5. Line Up Homeowner’s Insurance Coverage. In addition to obtaining hazard and liability coverage for your own protection, you will need to satisfy your lender that they are also protected by insurance. You will need to advise your closing attorney of your preferred insurance agent so that arrangements can be made for evidence of insurance to be provided to your lender. 

5. Utilities. In advance of closing, you will want to set up accounts and service start dates with all utility providers.


1. Schedule a Closing Date. You should communicate with your attorney to select a date that works for you, the seller, and your lender. 

2. Schedule a “Walk Through”. Either on the day of closing or within a few days prior to the closing, you should schedule a “walk through”. A final walk-through is worth your time because it allows you to confirm that agreed upon repairs (if any) have been made, and that no further damage has occurred to the house. If repairs have not been made or there is new damage, the issue will need to be resolved prior to closing.

3. Study Your Settlement Statement. In advance of the closing, you should try to obtain a draft settlement statement (sometimes referred to as a “HUD” or a “HUD-1”, which refers to the fact that the settlement statement must comply with the federal Real Estate Settlement Procedures Act, which is regulated by the Department of Housing and Urban Development). You should study the settlement statement carefully with both your attorney and your Realtor. Below is an explanation of some common settlement statement items that are often charged to the purchaser at closing. Your purchase contract may allocate these costs in several different ways. Thus, the settlement statement should always be compared to the purchase contract. Please note that these are generic descriptions only and you should consult your closing attorney to confirm the specific purpose of all items listed on your particular settlement statement.

  • Price and Earnest Money. Don’t forget to verify that the price shown on the settlement statement is consistent with your purchase contract. If you have previously deposited earnest money, make sure that you are given credit for having already paid that amount.
  • Tax Prorations. The settlement statement should allocate annual property taxes in the manner called for by your purchase contract. Typically, the parties have agreed to pro-rate taxes as of the day of closing, with the purchaser being responsible for taxes associated with the portion of the year from and after the closing date. 
  • Loan and Loan Costs. The settlement statement will reflect the amount of your mortgage loan. It will also detail all costs you have agreed to pay in connection with your loan such as “points”, loan processing fees, and the cost of the home appraisal.
  • Interim Interest. With most residential mortgage loans, the borrower is not required to make any regular loan payments until the first day of the second month following the closing. However, interest does accrue during this period and most lenders require that this interest be paid in advance, at closing.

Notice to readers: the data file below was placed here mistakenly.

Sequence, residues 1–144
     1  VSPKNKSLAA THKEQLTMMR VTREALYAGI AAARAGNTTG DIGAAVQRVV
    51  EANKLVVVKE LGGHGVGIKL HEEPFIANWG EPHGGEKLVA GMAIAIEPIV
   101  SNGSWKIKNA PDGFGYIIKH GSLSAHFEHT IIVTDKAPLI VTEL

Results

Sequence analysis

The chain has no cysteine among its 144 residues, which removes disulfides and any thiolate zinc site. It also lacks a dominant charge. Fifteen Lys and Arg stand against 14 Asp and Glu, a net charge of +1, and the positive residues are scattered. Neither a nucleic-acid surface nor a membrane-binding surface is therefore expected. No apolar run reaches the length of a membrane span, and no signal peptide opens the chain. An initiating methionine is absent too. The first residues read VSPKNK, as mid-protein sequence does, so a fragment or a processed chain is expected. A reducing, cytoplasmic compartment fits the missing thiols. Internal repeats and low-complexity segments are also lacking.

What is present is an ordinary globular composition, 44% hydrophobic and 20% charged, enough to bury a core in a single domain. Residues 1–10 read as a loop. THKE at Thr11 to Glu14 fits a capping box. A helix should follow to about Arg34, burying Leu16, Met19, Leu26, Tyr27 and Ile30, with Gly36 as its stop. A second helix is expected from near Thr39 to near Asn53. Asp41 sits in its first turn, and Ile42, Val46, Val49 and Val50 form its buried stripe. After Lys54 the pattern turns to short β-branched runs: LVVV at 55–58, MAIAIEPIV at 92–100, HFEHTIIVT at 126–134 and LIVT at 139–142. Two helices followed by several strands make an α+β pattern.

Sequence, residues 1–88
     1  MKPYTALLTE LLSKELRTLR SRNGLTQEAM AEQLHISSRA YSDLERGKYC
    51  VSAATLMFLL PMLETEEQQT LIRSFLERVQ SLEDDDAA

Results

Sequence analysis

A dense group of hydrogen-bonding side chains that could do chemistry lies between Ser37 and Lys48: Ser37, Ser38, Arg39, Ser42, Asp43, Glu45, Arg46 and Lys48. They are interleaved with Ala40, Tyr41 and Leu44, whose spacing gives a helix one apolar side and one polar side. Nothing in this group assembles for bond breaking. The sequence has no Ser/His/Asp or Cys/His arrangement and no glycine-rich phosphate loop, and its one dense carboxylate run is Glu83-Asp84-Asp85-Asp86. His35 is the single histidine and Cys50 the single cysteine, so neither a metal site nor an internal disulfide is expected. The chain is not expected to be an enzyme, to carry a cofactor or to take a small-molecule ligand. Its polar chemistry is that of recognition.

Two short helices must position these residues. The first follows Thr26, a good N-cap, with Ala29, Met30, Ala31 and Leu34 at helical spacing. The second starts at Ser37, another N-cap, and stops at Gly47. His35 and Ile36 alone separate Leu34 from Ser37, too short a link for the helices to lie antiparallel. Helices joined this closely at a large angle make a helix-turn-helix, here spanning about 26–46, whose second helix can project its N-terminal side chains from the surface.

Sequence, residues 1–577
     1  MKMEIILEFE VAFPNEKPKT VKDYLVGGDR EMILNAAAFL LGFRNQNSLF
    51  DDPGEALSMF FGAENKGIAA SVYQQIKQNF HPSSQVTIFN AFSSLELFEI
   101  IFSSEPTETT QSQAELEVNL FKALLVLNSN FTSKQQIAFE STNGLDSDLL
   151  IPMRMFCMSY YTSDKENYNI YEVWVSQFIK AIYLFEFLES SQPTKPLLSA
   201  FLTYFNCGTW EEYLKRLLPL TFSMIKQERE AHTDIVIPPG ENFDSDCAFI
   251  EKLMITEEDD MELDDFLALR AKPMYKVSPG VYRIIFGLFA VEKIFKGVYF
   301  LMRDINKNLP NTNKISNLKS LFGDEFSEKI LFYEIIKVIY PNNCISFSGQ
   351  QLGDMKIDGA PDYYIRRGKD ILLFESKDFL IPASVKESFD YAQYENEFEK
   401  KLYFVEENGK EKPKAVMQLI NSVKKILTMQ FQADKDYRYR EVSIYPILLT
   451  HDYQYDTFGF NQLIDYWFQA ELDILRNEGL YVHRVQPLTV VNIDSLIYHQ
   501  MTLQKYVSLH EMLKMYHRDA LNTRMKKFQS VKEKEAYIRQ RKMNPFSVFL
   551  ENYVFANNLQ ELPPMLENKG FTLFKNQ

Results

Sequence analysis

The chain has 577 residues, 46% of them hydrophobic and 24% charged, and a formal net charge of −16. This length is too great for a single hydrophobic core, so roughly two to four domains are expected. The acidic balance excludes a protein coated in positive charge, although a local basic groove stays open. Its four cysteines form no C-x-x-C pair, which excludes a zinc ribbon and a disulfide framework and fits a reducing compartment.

• Hazard Insurance. Your lender may require that you pay your insurance company for a full year of property insurance in advance at the closing. If your lender will be administering the payment of insurance premiums, you may also need to make an initial escrow deposit with your lender for this purpose. 
  • Private Mortgage Insurance (PMI). If required for your loan, your lender typically administers the payment of this insurance. At closing, your lender may require you to make an initial escrow deposit with them for this purpose.

Tax Escrow. If your lender will be administering the payment of property taxes, then, at closing, you may need to make an initial escrow deposit with your lender for this purpose.

  • Attorney Fees and Expenses. Your closing attorney is typically paid at closing. The settlement statement may also reflect reimbursement of certain expenses to your closing attorney (e.g. courier fees).
  • Title Abstractor’s Fee. Your attorney may hire a third party (typically referred to as a title abstractor) to search the title for your property. The abstractor’s fee is typically paid on the settlement statement.
  • Surveyor’s Fee. If not previous paid, the surveyor’s fee is typically paid at closing. 
  • Title Commitment Fee. Most title agents (in South Carolina, it is common for the purchaser’s attorney to also act as the title agent) charge a separate fee to compensate the title agent for their time and expense associated with preparing a title commitment.
  • Title Insurance Premium. This is the insurance premium charged by the title insurance underwriter. In South Carolina, it is not uncommon for the closing attorney (either directly or through a separate title agency) to receive a portion of this premium as a commission. If this is the case, the attorney is require to disclose this to you in a written disclosure document. 
  • Recording Costs. These are the fees charged by the government recording office to record your deed and mortgage. These charges should be distinguished from transfer taxes (sometimes called “deed stamps”), which are more often the responsibility of the seller.

 4. The Closing Table. The closing is typically held at the office of the purchaser’s attorney. After the documents have been signed, the closing attorney arranges for the documents to be recorded and for disbursements to be made to the various parties and vendors, all in accordance with the signed settlement statement.

 5. Move On In! After the deed is recorded and closing disbursements are made, you become the legal owner of your new house